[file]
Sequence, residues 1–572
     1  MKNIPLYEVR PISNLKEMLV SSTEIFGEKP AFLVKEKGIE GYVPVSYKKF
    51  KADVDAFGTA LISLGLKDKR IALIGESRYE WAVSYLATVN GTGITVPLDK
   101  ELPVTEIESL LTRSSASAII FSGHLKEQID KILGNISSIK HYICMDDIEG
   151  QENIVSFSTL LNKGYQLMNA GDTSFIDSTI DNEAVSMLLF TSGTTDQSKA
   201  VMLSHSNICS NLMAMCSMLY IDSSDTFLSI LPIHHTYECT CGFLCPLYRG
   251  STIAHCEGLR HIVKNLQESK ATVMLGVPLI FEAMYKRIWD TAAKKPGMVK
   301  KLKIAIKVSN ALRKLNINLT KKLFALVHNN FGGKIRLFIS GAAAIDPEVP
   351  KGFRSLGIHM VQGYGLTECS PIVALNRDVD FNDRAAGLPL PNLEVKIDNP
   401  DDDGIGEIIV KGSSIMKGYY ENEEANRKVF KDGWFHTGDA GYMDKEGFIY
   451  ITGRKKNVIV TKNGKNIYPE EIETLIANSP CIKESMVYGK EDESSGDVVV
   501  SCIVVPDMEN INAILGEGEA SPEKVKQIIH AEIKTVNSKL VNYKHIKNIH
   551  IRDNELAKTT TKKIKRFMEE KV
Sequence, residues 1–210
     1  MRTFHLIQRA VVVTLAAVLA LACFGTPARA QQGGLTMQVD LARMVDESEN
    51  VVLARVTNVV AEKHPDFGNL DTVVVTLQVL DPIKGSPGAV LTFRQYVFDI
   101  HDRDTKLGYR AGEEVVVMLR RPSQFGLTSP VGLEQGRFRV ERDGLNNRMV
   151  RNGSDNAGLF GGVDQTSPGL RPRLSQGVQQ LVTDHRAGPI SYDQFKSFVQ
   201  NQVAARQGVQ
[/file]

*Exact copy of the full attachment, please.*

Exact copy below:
Sequence, residues 1–572
     1  MKNIPLYEVR PISNLKEMLV SSTEIFGEKP AFLVKEKGIE GYVPVSYKKF
    51  KADVDAFGTA LISLGLKDKR IALIGESRYE WAVSYLATVN GTGITVPLDK
   101  ELPVTEIESL LTRSSASAII FSGHLKEQID KILGNISSIK HYICMDDIEG
   151  QENIVSFSTL LNKGYQLMNA GDTSFIDSTI DNEAVSMLLF TSGTTDQSKA
   201  VMLSHSNICS NLMAMCSMLY IDSSDTFLSI LPIHHTYECT CGFLCPLYRG
   251  STIAHCEGLR HIVKNLQESK ATVMLGVPLI FEAMYKRIWD TAAKKPGMVK
   301  KLKIAIKVSN ALRKLNINLT KKLFALVHNN FGGKIRLFIS GAAAIDPEVP
   351  KGFRSLGIHM VQGYGLTECS PIVALNRDVD FNDRAAGLPL PNLEVKIDNP
   401  DDDGIGEIIV KGSSIMKGYY ENEEANRKVF KDGWFHTGDA GYMDKEGFIY
   451  ITGRKKNVIV TKNGKNIYPE EIETLIANSP CIKESMVYGK EDESSGDVVV
   501  SCIVVPDMEN INAILGEGEA SPEKVKQIIH AEIKTVNSKL VNYKHIKNIH
   551  IRDNELAKTT TKKIKRFMEE KV
Sequence, residues 1–210
     1  MRTFHLIQRA VVVTLAAVLA LACFGTPARA QQGGLTMQVD LARMVDESEN
    51  VVLARVTNVV AEKHPDFGNL DTVVVTLQVL DPIKGSPGAV LTFRQYVFDI
   101  HDRDTKLGYR AGEEVVVMLR RPSQFGLTSP VGLEQGRFRV ERDGLNNRMV
   151  RNGSDNAGLF GGVDQTSPGL RPRLSQGVQQ LVTDHRAGPI SYDQFKSFVQ
   201  NQVAARQGVQ